Nana Addo squares up with Mahama in Tamale Presidential Debate
Ebo Quansah Reporting
It is certainly going to be innovative. On Tuesday evening, all political activities in the country would be frozen, as the nation’s attention is focused on the much-publicised Presidential Debate at the Radach Hotel in Tamale.
For the first time in recent times, since the shadow boxing began after Nana Addo Dankwa Akufo-Addo’s free Senior High School Education concept was outdoored, and which has virtually boxed President John Dramani Mahama, himself a beneficiary of the fee-free education policy for the Northern half of the country in the corner, the two heavyweights in the presidential race would face each other, eye-ball to eye-ball.
It is not as if only the two main contenders would exchange ideas on how this nation should be governed from January 7, 2013. Two other contenders would be in the ring, in an endeavour to turn the table on the two leading contenders.
Mr. Hassan Ayariga, presidential candidate of the People’s National Convention (PNC), and Dr. Abu Sakara Forson, leader of the Convention People’s Party (CPP), would add their intellectual wits to the grand occasion.
The Tamale debate is going to be a contest of intellectual power. But, if you ask the ordinary man on the street about the Tamale encounter, his or her answer, like the 2012 presidential race itself, would be a straight fight between the transitional President and leader of the National Democratic Congress, who is carrying the Umbrella into the ring, with his main challenger, Nana Addo Dankwa Akufo-Addo, who is riding high on the back of the Elephant to the seat of government.
It is a shame that the man with the longest moustache in national politics would be kept outside the gates of the Radach Hotel in Tamale. Paa Kwesi Nduom and his Progressive People’s Party (PPP) may be progressing, but has no representation in the House.
So is the Great Consolidated Popular Party (GCPP) of the late Dan Lartey. Uncle Dan might have popularised the concept of domestication in national politics, but for all his popular acclaim, his GCPP has not succeeded in winning any contest involving the exercise of the people’s franchise.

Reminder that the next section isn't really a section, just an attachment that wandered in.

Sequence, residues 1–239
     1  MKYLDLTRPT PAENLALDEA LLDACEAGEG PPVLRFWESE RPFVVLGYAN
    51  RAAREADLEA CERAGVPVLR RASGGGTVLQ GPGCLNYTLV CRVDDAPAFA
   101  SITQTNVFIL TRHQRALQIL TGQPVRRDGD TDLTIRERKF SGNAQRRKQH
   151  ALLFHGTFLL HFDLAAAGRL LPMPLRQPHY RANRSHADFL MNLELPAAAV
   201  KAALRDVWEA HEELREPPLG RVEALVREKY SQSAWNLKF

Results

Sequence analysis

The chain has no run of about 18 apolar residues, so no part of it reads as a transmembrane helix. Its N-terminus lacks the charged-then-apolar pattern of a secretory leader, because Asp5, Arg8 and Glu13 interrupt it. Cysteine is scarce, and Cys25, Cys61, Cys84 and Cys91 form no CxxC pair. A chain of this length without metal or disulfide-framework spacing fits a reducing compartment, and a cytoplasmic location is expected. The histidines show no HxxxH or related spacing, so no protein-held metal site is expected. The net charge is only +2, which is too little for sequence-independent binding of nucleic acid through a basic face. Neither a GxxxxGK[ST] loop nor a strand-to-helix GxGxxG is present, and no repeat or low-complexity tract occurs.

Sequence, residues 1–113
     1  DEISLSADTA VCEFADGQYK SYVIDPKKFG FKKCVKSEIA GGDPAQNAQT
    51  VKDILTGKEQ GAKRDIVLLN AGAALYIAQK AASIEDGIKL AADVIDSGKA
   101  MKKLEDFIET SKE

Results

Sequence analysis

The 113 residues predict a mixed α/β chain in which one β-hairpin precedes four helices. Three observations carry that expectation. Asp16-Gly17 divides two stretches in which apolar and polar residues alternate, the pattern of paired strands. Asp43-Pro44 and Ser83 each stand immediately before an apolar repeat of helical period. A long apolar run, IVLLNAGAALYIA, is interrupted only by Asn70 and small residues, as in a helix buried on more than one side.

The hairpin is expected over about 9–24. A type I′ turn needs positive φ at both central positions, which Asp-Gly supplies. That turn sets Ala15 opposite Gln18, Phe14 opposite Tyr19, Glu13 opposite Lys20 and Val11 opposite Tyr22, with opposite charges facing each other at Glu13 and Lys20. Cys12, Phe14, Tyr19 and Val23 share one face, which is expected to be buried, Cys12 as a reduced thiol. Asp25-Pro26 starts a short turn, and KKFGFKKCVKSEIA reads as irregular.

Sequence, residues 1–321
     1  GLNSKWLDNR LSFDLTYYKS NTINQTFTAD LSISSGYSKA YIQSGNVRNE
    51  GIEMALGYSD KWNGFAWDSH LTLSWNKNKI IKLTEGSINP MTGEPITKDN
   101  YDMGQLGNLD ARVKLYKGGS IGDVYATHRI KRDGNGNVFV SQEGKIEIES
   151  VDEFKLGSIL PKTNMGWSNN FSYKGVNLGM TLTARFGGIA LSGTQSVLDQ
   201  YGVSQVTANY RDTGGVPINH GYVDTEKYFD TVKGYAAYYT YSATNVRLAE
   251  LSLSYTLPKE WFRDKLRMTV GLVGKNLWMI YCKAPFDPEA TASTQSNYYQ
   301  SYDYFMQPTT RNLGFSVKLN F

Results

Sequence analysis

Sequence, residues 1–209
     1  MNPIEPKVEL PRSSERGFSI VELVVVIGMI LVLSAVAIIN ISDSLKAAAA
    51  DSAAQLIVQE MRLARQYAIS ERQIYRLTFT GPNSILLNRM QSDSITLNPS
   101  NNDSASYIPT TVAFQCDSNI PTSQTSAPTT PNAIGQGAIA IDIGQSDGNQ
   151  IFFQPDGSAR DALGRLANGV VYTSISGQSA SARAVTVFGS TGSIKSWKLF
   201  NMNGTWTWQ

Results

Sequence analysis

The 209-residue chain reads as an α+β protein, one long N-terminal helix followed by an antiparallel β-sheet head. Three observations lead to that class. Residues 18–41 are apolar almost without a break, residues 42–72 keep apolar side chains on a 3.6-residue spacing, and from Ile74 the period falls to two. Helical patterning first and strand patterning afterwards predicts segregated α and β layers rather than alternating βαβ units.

According to the Institute of Economic Affairs, organisers of Tuesday’s encounter, “the Presidential Debate will provide a common platform for the presidential candidates to answer questions on various aspects of the nation’s developmental process.”
“The debate will take the form of a policy dialogue engagement, at which the presidential candidates would not only present their view points, plans and programmes, but also point out weaknesses in the policies of their co-contestants, and present alternatives to those policies and programmes,” explained the IEA.
“The electorate, on the other hand, will receive first hand information on the programmes and plans of each candidate.”
According to the organisers, the Tamale debate would be based on four thematic areas: The Economy, Social Sector, Private Sector Development/Industrialisation and Foreign Policy. Under the Economy, the presidential candidates are expected to be grilled on the National Development Plan, Job Creation/Employment, Economic Growth and the National Debt.
The cross-fire that has taken over the airwaves, since Nana Addo Dankwa Akufo-Addo broached the idea of offering a fee-free and quality education for second cycle students, would be intensified when the NPP presidential candidate encounters President Mahama, a beneficiary of free secondary education, but opposes the idea.
The debate would also focus on some of the nation’s most pressing problems, including health, water and sanitation, food security, housing and electricity and power.
Political pundits have expressed disquiet about the decision to exclude presidential candidates without party representation in Parliament, but the IEA, in their wisdom, insist on organising all their events around political parties with representation in the House.
Tamale is likely to be a hot-bed of political activities in the run-up to the debate on Tuesday evening.
Editor Ebo Quansah will be in Tamale to bring you a blow by blow account of the Presidential Debate. Book your copies of Wednesday and Thursday’s editions of The Chronicle in advance.
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